Who said that? That would be me during our first visit to Horsefeathers/the wild hare café. (See our blog on May 17th). We didn’t have time to stop for lunch that day, but I resolved that we would return before our Springfield visit came to an end.
“The wild hare cafe in Elkhart isn’t the kind of place where you chomp down a quick sandwich and run out the door. It’s the type of restaurant that invites diners to linger, to savor, to converse, to enjoy” (firstname.lastname@example.org).
The store and café are owned and operated by Andrea Niehaus and her Dutch-born husband, Peter Niehaus. He’s an engineer and woodworker who met Andrea when both were living in Capetown, South Africa. Peter is also head chef. On our first visit, I overheard Peter describing his recipe for potatoes with another customer. I didn’t catch all of the details, but I did hear the words “cream cheese” and “pour melted butter over the top before putting them in the oven.”
Andrea’s "... sister, Renee Sisk, makes all the desserts—pies, cobblers, carrot cake, angel food cake, cheesecake, cookies, and biscotti. ‘I couldn’t make a pie crust if my life depended on it,’ said Niehaus (email@example.com).
“Old family recipes are used so all our dishes tend to be old-fashioned comfort food seldom seen in restaurants today. The crockery, decorative pressed glass, and general clutter are all vintage pieces from our private collection. The unusual décor and hand-painted murals are unique to the wild hare and create a cozy welcoming environment” (from the café’s menu).
So on a beautiful May day, the three of us (Dora, Chuck, and me) took the drive from Springfield to Elkhart, IL, for lunch. We forwent the two small dining rooms that were once the bank vaults and found seats in the larger back dining area with heavy mis-matched dining furniture and modern art hanging on the exposed brick walls.
The menu is a combination of soups, salads, sandwiches, and desserts. The day's specials included potato and bacon soup, Tuscan vegetable soup, asparagus quiche, and a BBQ pork sandwich with potato salad.
Both Chuck (bowl) and Dora (cup) started with the potato and bacon soup that was thick with chunks of red skin-on potatoes and bits of bacon. The soup was topped with house-made croutons and was served with seasoned oyster crackers. This was a rich, creamy, and hearty soup, and I especially liked the smoky flavor from the bacon. This is an addition that we will copy next winter when we make potato soup.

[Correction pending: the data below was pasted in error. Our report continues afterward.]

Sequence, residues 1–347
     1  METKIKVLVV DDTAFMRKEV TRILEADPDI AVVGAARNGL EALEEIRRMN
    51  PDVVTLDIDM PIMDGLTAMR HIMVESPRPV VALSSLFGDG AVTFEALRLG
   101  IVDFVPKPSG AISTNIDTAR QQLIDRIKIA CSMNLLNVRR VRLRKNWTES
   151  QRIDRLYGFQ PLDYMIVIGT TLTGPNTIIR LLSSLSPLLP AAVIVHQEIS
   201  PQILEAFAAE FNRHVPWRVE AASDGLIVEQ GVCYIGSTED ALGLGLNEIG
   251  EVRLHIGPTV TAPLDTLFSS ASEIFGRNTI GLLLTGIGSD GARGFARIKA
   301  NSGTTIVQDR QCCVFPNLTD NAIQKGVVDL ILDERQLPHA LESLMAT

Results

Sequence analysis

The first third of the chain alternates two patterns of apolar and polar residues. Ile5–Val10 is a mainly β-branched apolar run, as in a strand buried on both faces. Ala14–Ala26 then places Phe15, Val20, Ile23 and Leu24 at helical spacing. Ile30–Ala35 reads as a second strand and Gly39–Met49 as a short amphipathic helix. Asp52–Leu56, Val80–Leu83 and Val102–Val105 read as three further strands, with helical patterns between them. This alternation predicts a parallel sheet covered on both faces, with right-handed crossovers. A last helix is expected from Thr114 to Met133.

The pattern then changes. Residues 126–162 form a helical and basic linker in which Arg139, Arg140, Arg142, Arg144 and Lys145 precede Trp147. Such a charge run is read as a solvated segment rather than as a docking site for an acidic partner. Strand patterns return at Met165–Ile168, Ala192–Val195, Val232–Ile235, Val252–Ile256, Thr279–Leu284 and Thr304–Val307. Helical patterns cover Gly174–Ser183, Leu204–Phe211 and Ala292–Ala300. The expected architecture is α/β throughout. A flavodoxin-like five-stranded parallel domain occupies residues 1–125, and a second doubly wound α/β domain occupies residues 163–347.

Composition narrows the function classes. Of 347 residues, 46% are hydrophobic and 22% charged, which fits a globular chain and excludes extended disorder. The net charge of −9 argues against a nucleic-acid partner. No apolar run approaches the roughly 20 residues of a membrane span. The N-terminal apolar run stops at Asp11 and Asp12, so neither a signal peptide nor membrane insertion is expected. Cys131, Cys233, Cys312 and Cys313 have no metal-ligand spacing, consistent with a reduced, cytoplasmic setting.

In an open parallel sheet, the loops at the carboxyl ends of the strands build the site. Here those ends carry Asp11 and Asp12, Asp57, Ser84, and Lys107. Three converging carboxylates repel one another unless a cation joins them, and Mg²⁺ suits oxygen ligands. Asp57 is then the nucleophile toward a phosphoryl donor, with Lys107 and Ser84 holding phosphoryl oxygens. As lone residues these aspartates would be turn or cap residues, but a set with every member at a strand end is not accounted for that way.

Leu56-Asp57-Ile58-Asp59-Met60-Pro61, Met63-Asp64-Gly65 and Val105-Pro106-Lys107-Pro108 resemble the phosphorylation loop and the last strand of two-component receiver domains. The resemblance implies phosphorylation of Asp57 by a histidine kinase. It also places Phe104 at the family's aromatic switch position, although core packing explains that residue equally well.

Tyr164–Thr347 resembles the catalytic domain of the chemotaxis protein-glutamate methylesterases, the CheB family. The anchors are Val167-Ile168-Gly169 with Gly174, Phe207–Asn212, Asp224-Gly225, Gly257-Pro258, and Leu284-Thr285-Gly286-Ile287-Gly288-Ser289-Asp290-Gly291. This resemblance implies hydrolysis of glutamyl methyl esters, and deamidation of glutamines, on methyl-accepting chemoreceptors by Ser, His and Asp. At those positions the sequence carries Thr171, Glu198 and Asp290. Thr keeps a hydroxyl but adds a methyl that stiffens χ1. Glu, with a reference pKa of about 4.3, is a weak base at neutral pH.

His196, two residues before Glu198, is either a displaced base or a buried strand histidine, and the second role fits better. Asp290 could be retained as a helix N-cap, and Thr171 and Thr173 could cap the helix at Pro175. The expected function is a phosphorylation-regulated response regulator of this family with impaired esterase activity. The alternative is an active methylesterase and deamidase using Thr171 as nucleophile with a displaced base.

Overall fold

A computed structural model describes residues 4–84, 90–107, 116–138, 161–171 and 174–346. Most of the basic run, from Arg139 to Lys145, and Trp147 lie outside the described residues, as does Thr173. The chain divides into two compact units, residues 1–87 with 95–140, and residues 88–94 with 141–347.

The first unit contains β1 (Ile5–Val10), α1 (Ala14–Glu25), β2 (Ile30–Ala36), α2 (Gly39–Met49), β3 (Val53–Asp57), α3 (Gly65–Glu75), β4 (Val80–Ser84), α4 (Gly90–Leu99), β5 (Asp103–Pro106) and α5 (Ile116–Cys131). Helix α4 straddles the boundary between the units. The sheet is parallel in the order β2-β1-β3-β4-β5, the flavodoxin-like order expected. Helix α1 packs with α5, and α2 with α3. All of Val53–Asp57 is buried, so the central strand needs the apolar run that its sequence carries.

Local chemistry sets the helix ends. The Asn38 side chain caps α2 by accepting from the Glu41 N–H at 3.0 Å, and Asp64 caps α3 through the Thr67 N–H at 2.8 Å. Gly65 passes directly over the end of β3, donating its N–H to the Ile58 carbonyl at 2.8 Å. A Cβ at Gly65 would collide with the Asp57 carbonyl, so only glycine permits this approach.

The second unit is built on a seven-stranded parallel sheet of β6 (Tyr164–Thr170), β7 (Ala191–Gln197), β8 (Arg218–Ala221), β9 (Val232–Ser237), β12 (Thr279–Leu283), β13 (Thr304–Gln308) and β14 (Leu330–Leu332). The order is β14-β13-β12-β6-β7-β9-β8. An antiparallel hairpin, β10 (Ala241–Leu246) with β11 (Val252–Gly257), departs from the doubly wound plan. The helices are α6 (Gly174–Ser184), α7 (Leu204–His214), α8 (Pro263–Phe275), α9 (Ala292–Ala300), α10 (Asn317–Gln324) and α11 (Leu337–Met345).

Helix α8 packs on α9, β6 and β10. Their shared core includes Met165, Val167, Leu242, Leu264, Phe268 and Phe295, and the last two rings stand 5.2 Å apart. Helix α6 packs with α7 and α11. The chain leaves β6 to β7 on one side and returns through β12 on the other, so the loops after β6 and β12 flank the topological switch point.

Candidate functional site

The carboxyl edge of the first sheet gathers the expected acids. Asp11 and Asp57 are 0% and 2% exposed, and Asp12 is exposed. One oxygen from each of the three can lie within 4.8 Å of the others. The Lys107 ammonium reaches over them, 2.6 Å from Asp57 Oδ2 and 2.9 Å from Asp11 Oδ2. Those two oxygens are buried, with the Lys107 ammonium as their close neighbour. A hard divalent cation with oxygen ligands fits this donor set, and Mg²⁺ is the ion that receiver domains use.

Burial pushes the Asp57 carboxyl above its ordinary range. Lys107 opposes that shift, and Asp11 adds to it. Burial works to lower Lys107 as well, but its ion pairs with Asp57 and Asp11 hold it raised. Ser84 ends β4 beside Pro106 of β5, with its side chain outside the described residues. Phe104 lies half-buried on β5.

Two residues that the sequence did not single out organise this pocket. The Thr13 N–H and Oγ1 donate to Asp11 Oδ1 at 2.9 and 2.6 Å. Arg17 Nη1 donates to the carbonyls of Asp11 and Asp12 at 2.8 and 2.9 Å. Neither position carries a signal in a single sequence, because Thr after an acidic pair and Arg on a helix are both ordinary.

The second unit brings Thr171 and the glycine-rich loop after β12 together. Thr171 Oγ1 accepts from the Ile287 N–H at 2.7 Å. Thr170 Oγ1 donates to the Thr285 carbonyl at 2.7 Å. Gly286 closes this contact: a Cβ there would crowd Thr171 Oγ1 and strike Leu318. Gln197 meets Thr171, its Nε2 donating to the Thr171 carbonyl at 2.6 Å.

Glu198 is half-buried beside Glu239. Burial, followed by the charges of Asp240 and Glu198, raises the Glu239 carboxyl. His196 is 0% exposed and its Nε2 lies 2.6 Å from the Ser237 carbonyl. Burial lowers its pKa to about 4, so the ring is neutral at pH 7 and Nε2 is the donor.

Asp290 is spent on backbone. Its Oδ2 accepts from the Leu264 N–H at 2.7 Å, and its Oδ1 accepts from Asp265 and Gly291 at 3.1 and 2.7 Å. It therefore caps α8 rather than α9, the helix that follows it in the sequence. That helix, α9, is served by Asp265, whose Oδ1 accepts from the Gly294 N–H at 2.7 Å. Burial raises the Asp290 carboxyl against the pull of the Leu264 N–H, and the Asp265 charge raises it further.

My choice was a cup of the Tuscan vegetable. Each spoonful brought forth a different vegetable (zucchini, yellow squash, carrot, green beans, garbanzo beans, and celery) plus cork screw pasta in a tomato and beef broth. And it came topped with the same croutons and with the herbed oyster crackers. As good a photographer as Chuck is, the photo can only hint at the goodness of this soup.
Dora’s soup came with the soup and half sandwich combo and her sandwich choice was the Turkey BLT with lettuce, tomato, and mayo.
Instead of ordering a sandwich, Chuck decided to order a side of their homemade potato salad (with eggs, celery, onions, and mayo)
and the black bean salsa salad (black beans, corn, peppers, and onions marinated in a cumin tomato and garden vegetable salsa).
I chose the Salad Sampler which came with a small portion of each salad on the menu. Centered by a scoop of the herb-roasted chicken salad made with nuts, celery and dried cranberries, the sampler included: potato salad; black bean salsa salad; carrot salad with baby carrots and onions in a Catalina Island style dressing; Moroccan wild rice salad with wild rice, celery, almonds, raisins, dried cranberries, and scallions in a ginger and sesame dressing; three bean salad with garbanzo beans, green beans, kidney beans, and green peppers in an oil and vinegar dressing; Greek salad with pasta, feta cheese, and vegetables in a basil pesto vinaigrette; and pasta primavera in a creamy dressing.
In order not to mix tastes, I elected to eat this one salad at a time, and with one exception, each was more delicious than the last. The three bean and carrot salads did, in fact, take me back to Midwest summer picnics. The one exception was the wild rice salad. Yes, I know that it is expensive. Yes, I know that it is a delicacy. But I just don’t care for wild rice.
None of us wanted a lot of dessert, but we did want to try one of the wild hare’s desserts. So we decided that the three of us would share a slice of the key lime cheesecake, which came decorated with three mini-bunny shaped cookies. This cool and slightly tart dessert was the perfect end to a terrific lunch.
Sometimes you can’t explain why a place will reach out and grab a hold of you. That will speak to you in a special way. But the wild hare and its charming owners and whimsical décor have certainly done that with Chuck and me. We hope that sometime in the future we’ll be able to return to this 5.0 Addie café.